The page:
Ten games, 23 at-bats and inconsistent work behind the plate was enough. The Mets didn’t need to see any more of Travis d’Arnaud to deduce he wasn’t the answer as the backup to Wilson Ramos.
Sunday morning, shortly after the team’s third straight loss included d’Arnaud committing a passed ball and getting thrown out trying to stretch a single into a double down four runs, the veteran was designated for assignment.
“As I think we will continue to do here, we’re not going to make short-term decisions for short-term dollars,” general manager Brodie Van Wagenen said before the Mets looked to avoid a sweep at the hands of the Brewers at Citi Field.
D’Arnaud, who underwent Tommy John surgery last year and missed almost the entire season, was replaced on the roster by Tomas Nido, a superior defensive player who has yet to hit in the big leagues. The Mets took a risk by staying with d’Arnaud, opting to tender him a contract as he rehabbed from major surgery, and they could have saved money by moving on late in spring training. Now if they can’t find a trade for him, they would owe him $2.955 million of his $3.52 million deal, The Post’s Joel Sherman reported.
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“This move wasn’t about economics, obviously,” Van Wagenen said. “I think this team is built to win, we have every expectation to win, and we expect to go forward with a new mindset that we’re going to put the best team on the field, and right now that’s putting Nido in the clubhouse and giving him a chance to go forward.”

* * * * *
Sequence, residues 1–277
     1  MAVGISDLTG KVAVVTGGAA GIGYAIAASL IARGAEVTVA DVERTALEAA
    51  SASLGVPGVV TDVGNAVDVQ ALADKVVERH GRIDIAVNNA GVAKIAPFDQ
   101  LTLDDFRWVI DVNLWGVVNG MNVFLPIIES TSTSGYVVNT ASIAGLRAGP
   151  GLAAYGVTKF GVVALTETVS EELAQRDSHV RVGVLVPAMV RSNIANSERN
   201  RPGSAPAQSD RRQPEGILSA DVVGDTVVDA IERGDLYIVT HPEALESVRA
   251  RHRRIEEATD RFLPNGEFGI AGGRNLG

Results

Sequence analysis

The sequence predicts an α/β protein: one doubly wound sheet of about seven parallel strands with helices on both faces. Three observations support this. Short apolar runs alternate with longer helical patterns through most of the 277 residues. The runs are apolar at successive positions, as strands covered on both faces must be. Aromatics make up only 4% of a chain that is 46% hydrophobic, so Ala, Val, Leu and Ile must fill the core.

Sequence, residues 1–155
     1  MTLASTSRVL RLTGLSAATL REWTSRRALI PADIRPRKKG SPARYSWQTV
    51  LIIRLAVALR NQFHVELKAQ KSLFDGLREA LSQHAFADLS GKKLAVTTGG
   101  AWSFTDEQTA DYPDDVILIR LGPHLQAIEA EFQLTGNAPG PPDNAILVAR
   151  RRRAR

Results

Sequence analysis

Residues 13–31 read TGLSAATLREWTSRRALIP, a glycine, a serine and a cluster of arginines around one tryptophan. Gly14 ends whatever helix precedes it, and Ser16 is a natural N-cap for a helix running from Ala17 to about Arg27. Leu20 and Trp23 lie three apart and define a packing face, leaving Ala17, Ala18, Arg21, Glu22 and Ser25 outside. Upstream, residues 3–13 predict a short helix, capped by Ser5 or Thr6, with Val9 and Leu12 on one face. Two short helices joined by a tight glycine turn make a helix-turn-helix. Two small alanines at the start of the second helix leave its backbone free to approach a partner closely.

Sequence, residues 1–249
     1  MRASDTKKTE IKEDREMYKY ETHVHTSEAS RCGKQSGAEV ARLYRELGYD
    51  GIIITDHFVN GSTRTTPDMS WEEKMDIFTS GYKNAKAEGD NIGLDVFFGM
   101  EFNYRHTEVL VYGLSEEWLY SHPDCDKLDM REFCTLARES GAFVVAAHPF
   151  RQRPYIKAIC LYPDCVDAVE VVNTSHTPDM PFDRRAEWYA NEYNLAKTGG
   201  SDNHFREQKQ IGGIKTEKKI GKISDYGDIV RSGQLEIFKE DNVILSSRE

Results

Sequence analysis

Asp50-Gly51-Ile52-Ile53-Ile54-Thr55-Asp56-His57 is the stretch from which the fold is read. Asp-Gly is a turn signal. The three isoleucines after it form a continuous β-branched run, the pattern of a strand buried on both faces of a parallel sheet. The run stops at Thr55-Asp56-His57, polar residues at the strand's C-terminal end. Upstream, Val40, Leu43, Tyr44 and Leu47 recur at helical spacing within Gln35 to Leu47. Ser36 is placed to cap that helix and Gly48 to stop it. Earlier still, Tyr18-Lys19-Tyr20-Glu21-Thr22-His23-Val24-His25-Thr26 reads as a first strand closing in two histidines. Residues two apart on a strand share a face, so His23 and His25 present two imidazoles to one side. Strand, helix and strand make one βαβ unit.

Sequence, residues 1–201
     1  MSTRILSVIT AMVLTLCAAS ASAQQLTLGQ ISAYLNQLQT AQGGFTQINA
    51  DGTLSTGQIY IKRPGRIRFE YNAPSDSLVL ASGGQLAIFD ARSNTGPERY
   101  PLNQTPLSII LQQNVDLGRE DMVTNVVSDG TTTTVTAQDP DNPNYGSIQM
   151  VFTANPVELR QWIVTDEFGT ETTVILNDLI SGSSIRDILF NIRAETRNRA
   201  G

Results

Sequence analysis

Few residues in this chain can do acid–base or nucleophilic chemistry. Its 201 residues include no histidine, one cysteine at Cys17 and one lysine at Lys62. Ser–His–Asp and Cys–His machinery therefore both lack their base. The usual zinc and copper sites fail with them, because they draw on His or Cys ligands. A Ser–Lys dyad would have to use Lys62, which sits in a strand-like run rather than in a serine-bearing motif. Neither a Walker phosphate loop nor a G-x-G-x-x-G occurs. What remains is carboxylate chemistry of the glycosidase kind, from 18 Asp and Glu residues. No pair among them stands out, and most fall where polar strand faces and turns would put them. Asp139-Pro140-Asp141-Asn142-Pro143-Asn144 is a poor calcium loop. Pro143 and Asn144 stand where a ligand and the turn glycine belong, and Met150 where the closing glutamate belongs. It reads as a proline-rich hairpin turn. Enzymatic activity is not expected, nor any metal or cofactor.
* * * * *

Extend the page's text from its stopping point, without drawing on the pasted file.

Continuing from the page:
The Mets signed Ramos to a two-year, $19 million deal in the offseason and had options other than d’Arnaud for his backup. But they traded Kevin Plawecki to the Indians in early January for a pair of minor leaguers and opted for d’Arnaud over Devin Mesoraco, who hit 10 home runs in 66 games last year with the Mets after coming to Queens in a trade with the Reds. Mesoraco refused to go to Triple-A Syracuse and remains on the restricted list.
The 30-year-old d’Arnaud came to the Mets, along with Noah Syndergaard, from the Blue Jays in the R.A. Dickey trade in 2012. A highly rated prospect who was considered the big piece in that trade, he battled injuries throughout his Mets tenure, never playing in more than 112 games in a single season. He had just two hits in 23 at-bats this year in backup duty and heard boos Saturday night.
“What we’ve seen from Travis, it’s been tough,” manager Mickey Callaway said. “We have tough decisions to make, and obviously this is a tough one.”
Added Van Wagenen: “He showed that he’s a player that is talented, but not the right fit for us right now.”
Over his seven-year career, he has posted a .242/.303/.401 slash line with 42 home runs and a .704 OPS. He was at his best in the 2015 run to the World Series, producing an .825 OPS in 67 games, with 12 homers and 41 RBIs. D’Arnaud, however, couldn’t build off that finish, and with the Mets’ pitching struggling mightily — their 5.45 ERA is the worst in the National League — Van Wagenen and Callaway both said it was imperative to improve their defense behind the plate.
“We obviously know how good of a defender he is,” Callaway said of the 25-year-old Nido. “He does a great job of receiving, especially the low ball. He’s one of the best receivers in our organization, and we feel at this point, that’s what we need.”
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